12. Tested the mechanics a bit more yesterday. Damage rolls after a hit is scored can be distributed as the attacking player wishes. When rolling damage against a squad, the attacking player divides the potential damage dice amongst the desired targets and rolls. Damage is always: weapon damage + degree of success. The potential damage and attack can make is calculated after the hits are scored, not before. Also, the penalty to fire multiple shots in a round is removed from the OCV calculations, since the timeframe is different, and it opens up the combat to be a bit more deadly, and keeps players guessing. Success is determined after the roll is made. (Example: Old Ollie opens up on a gang of banditos with his Winchester rifle. The banditos have him surrounded at a camp site, so he targets as many as he can, which is three guys bunched up near a wagon (remember miniatures). He has his favorite weapon equipped (Dark Champions Super-Skill, +2 OCV with a weapon), they are 4 meters away with a combat value of 3. Ollie's combat value is 7+2=9 so he needs to roll 15 or below to hit a single bandit. He rolls exactly 15 on his combat roll, and gets to roll two damage dice. He unloads three rounds from his rifle and chooses to use both damage dice on a bandit nearest to him. He rolls two dice and scores a 5 and a 4. Two wounds inflicted on the bandit so he goes down clutching himself. The possibility of hitting two guys was still there, because he chose to fire three rounds instead of just one.) Rate of fire: Machine guns and assault weapons are still at a great advantage, because more potential targets means you get to divide more damage dice among models (there's always the possibility of that 6!) when you roll well. If you include the rule of -1, where every round is a single degree of success, you give automatic weapons a big advantage in terms of the mechanics. (Example: A recon soldier fires on a pair of insurgents guarding a building with his carbine. He has crept up on a camp and chosen his first targets while keeping his position hidden. His combat value is 6 + 2 (Combat Skill Levels) = 8 and the insurgents combat value is halved due to being surprised from stealth. His maximum rate of fire is 15, but he chooses to fire only five rounds to make sure the guys go down, but not wasting ammo. He needs a roll of 15, and rolls 11. His potential damage is 2d (carbine) + 4d (his degree of success) and chooses to divide the damage dice so he rolls 3 dice for both targets. He rolls for the first one: 5, 1, 3 = two wounds and the first guy goes down. He rolls for the second one: 6, 4, 3 = an instant kill plus one wound. Both of the insurgents fall down dead. The rest of the camp now rolls INT to see whether or not they are alerted to them getting killed or hearing the silenced carbine shots.) Bullet-counting: In a more invested or survival-influenced game, you count bullets made in attacks and require reloads after you run out. Resource management is part of the combat in this hack. Remeber potential damage done and possible targets for damage? Rivet-counting: Calculate the carry weight of each character and squad, require endurance use during combat for movement and sprinting, firing your weapons and swinging your swords. Increased resource management and potentially a lot more interesting game when compared to a conventional wargame where you just blast away without worries until one side wins.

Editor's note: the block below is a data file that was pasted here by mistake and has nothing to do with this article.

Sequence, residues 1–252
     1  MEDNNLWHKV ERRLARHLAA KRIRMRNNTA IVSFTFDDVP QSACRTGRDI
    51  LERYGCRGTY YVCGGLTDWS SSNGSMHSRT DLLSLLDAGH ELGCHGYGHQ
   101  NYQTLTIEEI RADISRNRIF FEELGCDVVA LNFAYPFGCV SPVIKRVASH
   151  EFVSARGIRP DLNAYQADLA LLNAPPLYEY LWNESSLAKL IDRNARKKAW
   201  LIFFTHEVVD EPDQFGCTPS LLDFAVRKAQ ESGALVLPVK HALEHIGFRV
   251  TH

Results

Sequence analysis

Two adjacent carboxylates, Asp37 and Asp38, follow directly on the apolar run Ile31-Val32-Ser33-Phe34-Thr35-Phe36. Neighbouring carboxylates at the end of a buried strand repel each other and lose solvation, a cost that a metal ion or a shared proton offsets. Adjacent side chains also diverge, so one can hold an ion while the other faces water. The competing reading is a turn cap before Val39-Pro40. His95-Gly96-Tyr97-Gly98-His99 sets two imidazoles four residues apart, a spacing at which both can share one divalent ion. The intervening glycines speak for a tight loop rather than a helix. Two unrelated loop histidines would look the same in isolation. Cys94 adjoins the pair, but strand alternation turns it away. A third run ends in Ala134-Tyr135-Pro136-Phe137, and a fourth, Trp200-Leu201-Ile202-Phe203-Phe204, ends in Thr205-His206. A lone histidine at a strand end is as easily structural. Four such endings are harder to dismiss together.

13. I'll check your stuff out. Rpgs for me are on the backburner now since my HDD broke down and I can't write anymore OR play on roll20. I was going to use this stuff with miniatures using my simplified combat for mass engagements. That's where the MG42 with four attacks thing came from (ROF 20/4=5) where every five ROF would give you one attack on the miniatures scale, which is using longer timeframes anyway. Some simplified math plus gaming logic applied combined with a day of writing and thinking about stuff that comes up with those results. Often I forget what I've been working on after I've written it down, which leads to many rewrites and refining stuff over and over again.
  14. what can I do to help on your project, I have a quite a few notes and HD files you might find useful for idea mining if nothing else, I would love to share ideas